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Through reading from multiple sources and watching Security Now's How the Heartbleeds, I have come to the understanding that the following procedure is recommended to be safe from the Heartbleed vulnerability (assuming that the user's browser reacts correctly to revoked TLS certificates, which I know may not be the case for all browsers right now, but let's leave this issue aside for the moment):
- Upgrade to a patched version of openssl
- Regenerate the TLS certificate (rekey)
- Revoke the previous certificate
Doing the previous steps would:
- Prevent exploitation of the Heartbleed vulnerability to steal the new key (because of 1. and 2.)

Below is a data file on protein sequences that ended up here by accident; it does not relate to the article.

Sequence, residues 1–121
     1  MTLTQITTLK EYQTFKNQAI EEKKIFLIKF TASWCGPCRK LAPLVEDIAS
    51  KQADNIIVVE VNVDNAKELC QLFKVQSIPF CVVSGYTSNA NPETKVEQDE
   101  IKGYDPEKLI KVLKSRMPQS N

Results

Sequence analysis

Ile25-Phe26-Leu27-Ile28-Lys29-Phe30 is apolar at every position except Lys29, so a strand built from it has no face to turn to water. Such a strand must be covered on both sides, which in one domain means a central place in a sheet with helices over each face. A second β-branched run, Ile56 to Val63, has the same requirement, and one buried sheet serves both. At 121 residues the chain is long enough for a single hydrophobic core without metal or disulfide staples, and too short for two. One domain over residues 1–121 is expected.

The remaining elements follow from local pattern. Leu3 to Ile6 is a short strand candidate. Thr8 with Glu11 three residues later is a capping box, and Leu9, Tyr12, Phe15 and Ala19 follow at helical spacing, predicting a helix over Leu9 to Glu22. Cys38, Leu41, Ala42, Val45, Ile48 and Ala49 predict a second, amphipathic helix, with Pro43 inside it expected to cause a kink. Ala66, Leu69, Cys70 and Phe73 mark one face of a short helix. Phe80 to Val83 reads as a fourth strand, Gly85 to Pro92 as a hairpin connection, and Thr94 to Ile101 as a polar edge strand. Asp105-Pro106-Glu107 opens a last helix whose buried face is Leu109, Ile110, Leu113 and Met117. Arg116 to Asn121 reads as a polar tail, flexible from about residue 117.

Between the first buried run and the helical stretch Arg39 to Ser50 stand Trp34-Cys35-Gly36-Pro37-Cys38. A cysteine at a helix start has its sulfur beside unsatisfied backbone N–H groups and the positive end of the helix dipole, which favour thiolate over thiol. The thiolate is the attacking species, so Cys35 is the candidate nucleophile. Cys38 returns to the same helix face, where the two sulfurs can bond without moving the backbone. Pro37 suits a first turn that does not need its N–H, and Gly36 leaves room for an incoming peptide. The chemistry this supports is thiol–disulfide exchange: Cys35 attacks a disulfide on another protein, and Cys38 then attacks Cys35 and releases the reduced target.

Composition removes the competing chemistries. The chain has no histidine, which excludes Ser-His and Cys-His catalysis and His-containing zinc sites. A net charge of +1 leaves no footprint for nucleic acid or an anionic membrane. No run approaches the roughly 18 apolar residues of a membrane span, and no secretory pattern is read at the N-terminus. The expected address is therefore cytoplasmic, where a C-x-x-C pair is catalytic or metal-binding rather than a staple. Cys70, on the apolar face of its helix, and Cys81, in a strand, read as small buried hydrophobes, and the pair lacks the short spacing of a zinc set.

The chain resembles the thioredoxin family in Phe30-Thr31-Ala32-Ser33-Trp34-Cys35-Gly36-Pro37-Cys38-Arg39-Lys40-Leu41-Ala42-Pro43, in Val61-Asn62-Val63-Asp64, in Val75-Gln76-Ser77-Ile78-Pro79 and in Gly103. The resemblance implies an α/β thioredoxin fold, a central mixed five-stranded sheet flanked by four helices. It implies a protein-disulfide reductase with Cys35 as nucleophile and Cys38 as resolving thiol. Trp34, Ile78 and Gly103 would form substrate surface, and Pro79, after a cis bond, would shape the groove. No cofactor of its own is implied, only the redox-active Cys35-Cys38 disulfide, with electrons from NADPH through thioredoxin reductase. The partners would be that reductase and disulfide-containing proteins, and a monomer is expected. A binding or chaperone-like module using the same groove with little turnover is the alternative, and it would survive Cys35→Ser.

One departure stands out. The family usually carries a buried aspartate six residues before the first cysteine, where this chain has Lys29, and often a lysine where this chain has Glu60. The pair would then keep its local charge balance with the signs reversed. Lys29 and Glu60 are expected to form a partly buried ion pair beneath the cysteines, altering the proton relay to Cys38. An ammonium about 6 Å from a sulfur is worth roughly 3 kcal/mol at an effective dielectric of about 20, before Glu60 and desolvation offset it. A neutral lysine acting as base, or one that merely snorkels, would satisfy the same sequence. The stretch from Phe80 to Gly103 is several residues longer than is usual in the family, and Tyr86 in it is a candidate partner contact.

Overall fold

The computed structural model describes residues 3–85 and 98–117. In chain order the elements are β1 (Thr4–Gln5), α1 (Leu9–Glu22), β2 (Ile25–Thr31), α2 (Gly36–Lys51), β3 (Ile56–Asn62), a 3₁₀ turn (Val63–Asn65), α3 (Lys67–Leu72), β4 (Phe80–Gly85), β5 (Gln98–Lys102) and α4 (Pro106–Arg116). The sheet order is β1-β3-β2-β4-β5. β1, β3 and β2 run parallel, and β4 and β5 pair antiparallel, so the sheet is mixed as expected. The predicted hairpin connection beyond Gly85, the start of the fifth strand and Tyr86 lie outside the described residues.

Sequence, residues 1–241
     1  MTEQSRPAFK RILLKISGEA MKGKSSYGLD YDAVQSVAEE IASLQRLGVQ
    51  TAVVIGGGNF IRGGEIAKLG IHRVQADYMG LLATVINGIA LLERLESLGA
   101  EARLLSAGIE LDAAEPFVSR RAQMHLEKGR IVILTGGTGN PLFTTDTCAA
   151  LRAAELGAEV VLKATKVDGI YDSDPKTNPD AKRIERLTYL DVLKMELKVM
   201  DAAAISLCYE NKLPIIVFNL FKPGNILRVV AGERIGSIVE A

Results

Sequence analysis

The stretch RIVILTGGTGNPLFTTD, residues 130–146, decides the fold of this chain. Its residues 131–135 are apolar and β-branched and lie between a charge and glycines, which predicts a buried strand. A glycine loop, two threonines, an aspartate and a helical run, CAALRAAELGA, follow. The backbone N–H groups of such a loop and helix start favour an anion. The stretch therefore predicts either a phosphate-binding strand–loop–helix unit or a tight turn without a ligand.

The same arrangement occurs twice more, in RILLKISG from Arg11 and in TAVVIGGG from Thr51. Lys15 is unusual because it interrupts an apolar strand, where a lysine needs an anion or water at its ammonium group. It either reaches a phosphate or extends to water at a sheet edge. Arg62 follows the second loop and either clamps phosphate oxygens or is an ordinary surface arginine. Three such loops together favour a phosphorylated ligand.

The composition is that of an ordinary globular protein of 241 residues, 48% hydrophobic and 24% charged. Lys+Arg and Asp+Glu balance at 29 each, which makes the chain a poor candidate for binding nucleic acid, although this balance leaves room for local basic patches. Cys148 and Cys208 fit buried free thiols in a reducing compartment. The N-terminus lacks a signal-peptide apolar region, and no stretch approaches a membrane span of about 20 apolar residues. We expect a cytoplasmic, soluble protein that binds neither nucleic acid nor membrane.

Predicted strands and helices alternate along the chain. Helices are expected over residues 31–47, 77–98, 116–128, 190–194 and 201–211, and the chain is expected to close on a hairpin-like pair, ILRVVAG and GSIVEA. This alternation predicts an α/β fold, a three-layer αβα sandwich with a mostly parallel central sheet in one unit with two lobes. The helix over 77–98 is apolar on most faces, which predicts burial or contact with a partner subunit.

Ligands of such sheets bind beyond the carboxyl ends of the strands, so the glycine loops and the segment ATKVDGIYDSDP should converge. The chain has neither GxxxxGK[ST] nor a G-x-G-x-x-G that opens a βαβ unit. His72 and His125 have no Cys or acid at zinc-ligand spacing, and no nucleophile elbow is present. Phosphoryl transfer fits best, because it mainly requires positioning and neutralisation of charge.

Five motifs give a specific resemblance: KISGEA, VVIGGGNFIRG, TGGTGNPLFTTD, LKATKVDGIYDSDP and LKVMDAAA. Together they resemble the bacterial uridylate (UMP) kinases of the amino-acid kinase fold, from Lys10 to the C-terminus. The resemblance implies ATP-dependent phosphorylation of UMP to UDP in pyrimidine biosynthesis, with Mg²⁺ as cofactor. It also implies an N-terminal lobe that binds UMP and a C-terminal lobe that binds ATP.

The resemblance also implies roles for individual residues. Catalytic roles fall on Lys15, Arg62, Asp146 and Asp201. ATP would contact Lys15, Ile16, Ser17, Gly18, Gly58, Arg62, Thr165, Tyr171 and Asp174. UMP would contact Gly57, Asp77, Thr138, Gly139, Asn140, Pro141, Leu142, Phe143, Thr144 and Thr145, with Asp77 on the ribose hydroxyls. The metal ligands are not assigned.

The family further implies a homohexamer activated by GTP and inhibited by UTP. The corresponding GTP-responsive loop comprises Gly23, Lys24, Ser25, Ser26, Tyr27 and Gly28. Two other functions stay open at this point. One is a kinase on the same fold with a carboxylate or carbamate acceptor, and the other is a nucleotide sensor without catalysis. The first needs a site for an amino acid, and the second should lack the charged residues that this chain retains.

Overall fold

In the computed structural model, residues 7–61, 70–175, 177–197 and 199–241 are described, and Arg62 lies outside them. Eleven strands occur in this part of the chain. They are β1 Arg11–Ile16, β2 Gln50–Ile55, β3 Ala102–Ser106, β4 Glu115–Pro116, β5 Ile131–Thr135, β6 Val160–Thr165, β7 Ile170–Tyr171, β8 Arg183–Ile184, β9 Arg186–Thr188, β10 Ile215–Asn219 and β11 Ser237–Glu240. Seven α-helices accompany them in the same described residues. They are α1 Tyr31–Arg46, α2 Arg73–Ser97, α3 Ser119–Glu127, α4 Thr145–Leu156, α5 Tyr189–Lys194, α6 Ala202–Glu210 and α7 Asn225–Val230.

- Protect users from Man in the Middle attacks using a stolen key (because of 3.)
Now, I know that there are multiple tools to see if a website is currently unsafe (1. did not update) or potentially vulnerable (2. did not rekey), but how can I know if a website revoked its previous certificates?
I believe I could check for a specific key (if it is known) using tools (which I assume use OCSP or CRLs), but is there a way to access previous keys of a website?
It is purely out of curiosity, but I would like to verify when a website says
"we are safe now" that they really did revoke their certificates as well as update openssl and regenerate the keys.
Thank you very much for your precious time and pardon the potential mistakes caused by my lack of knowledge in the field of information security.